Don’t Stay Stuck In Your Dead End – Become An Athlete Again Whatever Your Age


Hi folks,

Each day is a new day. The old day is gone, except in your mind.

The dawn is the ultimate new beginning, which becomes increasingly precious as you age. This is the kind of view I had in the morning from my condo on the fourth floor, where I lived with five furry friends. From:

Quite often I’m drawn into conversations with overweight older guys (40+) who ask me if I’m going for a run – I wear running gear all the time, except when I’m in bed or swimming or biking, so the question is understandable. I’ll say, “Well, no, I’m running tomorrow and biking today, [or doing weight work at the gym, or whatever].” They then follow a predictable ‘testosterone-driven’ course, asking about which races I’ve done, and finally they come to how fast I run. I say how fast (well, slow), and then they start to tell me how much faster than that they were in high school or college. I suspect that they feel bad about being out of shape, and somehow their previous athletic state is used as a justification for their hanging onto their current poor physical condition. I’ll invite them along on a ride or a run, but they are always too busy. These guys are stuck, living in the dead end of memories of times gone by. It really doesn’t matter to me how fast I was when I was twenty, the real question is “What can I do today?” For instance, I could sprint 50 yards in the pool in 27 seconds when I was 19 years old, 29 seconds at the age of 46, and today, however hard I try, I just can’t break 38 seconds. Should I feel bad about my 38-second sprint time? No! Most guys my age can’t swim 50 yards in less than a minute or two. So that’s OK!

The view from my bedroom window,whence I am greeted by the dawn each day. Notice the road sign at the bottom of my window.

I am, however, stuck in my own dead end. I’m still mourning my cat, Alobar. It happens each morning when I sit and have my daily two cups of tea and a long think/not-think session. Alobar sat on my lap each day for at least an hour for over 18 yrs. So naturally his absence is like a hole in my heart each morning. This feeling is slowly fading, which is the natural order of things as the memories of things dead fade into the past, cat, human or the day itself for that matter. I can only really finally fix this problem by inviting another kitten into my life, which will happen when the time is ripe. This is also true of working out, in that people have to let go of their younger athlete, and embrace being older. The decision to change a sedentary lifestyle is often precipitated by a heart attack or diabetes, and even then many people stay stuck in their dead end of behavior patterns long inculcated. Change is difficult as long as we believe that it is difficult. But, in fact, starting to exercise is a simple process when pursued wisely and gently.

I prefer to retire to bed early and rise early so as not to miss the dawn. Prior to moving to my little blue house, I lived in a condo on the fourth floor where I could see clearly to the horizon, without any obstructions from trees or other buildings. My bed faced east through a large picture window, giving me some wonderful views of the dawn much like the one at the head of this post. You know that dawn is on the way when the stars and the planets (yes, I could see the planets, too, because my window faced in the direction of the planetary ‘ecliptic planes!’ Note: all astronomical semantic corrections would be very welcome) gently begin to fade. Then when things the dawn is well underway a light appears on the eastern horizon with an amazing display of colors over the next 10 to 20 minutes, and another day begins, whilst Alobar purrs in my lap. That is when I wished that I could move my bed (vantage point), like ‘The Little Prince‘ (which was published in the same year that I was born, 1943). No more can I experience this joy with Alobar, alas, as our long and happy relationship finally reached its true ‘dead end.’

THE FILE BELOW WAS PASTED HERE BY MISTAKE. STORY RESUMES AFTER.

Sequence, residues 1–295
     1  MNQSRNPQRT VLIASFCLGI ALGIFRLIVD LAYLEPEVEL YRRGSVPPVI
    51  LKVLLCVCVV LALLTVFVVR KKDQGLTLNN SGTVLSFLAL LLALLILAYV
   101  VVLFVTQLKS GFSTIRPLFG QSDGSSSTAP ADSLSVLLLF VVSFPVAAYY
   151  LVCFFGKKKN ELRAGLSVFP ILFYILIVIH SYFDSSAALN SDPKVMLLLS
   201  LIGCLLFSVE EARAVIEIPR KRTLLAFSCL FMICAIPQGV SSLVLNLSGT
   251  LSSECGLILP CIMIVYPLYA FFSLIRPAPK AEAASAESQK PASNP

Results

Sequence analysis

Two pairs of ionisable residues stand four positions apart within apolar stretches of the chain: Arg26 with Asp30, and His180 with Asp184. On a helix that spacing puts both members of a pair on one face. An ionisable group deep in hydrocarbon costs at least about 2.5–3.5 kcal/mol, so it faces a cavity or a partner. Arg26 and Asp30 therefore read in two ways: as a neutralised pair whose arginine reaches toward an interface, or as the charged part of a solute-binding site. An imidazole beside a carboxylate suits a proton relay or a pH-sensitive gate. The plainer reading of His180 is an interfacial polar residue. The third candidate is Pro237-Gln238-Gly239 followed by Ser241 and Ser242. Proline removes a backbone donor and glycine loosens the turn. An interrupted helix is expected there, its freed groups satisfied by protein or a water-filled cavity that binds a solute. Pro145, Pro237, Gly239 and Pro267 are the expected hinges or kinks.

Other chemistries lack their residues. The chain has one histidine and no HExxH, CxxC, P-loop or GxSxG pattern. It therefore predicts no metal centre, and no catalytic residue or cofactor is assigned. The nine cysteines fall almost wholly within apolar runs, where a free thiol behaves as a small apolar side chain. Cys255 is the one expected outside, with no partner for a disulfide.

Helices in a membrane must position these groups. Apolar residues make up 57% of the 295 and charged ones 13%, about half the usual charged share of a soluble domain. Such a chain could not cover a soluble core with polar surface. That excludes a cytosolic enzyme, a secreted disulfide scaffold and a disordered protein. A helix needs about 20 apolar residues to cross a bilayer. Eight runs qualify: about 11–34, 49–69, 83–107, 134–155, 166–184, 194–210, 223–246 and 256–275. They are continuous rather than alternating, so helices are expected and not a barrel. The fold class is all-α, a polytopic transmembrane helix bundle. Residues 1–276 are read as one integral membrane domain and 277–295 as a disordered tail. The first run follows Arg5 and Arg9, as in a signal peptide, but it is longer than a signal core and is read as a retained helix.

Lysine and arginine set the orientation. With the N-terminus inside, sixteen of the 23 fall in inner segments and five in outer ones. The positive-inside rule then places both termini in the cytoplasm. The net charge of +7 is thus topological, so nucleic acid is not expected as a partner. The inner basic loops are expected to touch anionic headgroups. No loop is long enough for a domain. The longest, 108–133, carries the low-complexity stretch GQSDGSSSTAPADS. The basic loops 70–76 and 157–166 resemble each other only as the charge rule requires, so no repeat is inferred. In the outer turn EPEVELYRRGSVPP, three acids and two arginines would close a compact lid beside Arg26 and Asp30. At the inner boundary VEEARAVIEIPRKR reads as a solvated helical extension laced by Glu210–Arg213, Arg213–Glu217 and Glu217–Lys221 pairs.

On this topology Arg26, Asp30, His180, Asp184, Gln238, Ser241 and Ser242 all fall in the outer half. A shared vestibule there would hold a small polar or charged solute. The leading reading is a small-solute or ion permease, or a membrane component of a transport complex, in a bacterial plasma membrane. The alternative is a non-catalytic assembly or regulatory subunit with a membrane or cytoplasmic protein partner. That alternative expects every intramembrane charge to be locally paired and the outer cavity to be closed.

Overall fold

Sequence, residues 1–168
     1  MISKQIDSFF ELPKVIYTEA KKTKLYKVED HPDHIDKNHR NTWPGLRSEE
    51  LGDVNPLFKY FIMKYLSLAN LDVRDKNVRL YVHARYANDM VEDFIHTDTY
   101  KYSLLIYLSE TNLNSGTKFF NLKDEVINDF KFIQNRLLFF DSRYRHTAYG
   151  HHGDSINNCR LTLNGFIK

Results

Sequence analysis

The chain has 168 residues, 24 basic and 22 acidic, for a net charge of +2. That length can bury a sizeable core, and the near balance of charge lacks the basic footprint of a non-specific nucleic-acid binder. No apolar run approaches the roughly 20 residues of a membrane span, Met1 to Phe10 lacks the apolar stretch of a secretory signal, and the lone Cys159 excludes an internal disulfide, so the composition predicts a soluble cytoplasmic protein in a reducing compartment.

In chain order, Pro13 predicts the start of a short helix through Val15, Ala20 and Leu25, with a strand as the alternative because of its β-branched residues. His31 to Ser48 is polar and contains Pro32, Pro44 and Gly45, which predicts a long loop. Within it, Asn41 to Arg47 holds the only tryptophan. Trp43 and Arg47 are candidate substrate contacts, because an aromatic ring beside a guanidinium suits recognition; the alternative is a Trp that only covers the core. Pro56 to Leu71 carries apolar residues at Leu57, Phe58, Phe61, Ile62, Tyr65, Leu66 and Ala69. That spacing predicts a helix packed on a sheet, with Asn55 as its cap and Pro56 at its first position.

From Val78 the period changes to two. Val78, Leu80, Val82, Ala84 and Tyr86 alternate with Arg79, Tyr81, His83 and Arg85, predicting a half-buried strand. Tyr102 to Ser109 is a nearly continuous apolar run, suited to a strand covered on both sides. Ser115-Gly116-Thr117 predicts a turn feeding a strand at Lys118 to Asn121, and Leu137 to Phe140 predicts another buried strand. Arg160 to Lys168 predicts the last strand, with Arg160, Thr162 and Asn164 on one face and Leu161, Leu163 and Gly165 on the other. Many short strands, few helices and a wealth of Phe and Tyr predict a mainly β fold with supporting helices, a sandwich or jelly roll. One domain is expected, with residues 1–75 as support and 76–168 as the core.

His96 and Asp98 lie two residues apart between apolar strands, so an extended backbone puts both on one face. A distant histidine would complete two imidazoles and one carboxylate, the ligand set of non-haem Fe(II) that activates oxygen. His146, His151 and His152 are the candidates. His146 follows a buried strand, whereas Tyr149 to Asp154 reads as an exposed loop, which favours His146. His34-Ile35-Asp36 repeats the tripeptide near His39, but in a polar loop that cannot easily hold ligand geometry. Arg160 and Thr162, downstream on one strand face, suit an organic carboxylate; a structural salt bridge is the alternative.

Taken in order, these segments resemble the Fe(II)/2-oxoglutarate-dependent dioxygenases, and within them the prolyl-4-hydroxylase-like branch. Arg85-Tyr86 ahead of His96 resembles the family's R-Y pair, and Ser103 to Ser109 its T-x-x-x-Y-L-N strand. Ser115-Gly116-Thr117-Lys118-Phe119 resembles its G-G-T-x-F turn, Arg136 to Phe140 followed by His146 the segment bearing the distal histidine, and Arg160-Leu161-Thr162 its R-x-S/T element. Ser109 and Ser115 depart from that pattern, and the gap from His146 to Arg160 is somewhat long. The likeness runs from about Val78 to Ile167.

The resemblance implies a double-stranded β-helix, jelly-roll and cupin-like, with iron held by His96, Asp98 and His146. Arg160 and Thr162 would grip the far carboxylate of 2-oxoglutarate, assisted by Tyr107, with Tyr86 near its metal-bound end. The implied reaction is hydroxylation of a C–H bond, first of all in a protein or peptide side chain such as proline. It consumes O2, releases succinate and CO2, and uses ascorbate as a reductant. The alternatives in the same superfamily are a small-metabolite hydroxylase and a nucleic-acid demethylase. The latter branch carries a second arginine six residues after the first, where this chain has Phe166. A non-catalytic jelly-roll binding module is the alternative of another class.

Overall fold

My little blue house.

In my current house the view is subtly different, as you can see in the picture above. When I sit on the bed, leaning against the wall with a couple of pillows supporting my lower back, drinking my tea (love tea, especially PG Tips), I am greeted by the dawn and the simultaneous appearance of a street sign. ‘DEAD END.” Each time I see that sign I am reminded of that life is brief. In fact everything is brief, including your workout plans. Each race comes and goes in the blink of an eye, and this has relevance to training as an older athlete where you notice that you are slower every year, however hard you train, if you are near your optimal fitness level. How does one learn to accept the inevitable and enjoy your sport as you slow down, when accept it you must?

Live in the moment. That’s it!

-k Your Medical Mind


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Disclaimer: As a veterinarian, I do not provide medical advice for human animals. If you undertake or modify an exercise program, consult your medical advisors before doing so. Undertaking activities pursued by the author does not mean that he endorses your undertaking such activities, which is clearly your decision and responsibility. Be careful and sensible, please.